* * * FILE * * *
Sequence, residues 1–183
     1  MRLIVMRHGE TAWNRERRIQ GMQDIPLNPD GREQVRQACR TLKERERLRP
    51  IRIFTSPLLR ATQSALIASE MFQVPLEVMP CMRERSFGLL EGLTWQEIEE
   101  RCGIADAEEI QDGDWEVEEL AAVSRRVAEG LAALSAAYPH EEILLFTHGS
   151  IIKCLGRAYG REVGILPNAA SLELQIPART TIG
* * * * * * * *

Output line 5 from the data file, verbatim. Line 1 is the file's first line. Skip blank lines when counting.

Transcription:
   151  IIKCLGRAYG REVGILPNAA SLELQIPART TIG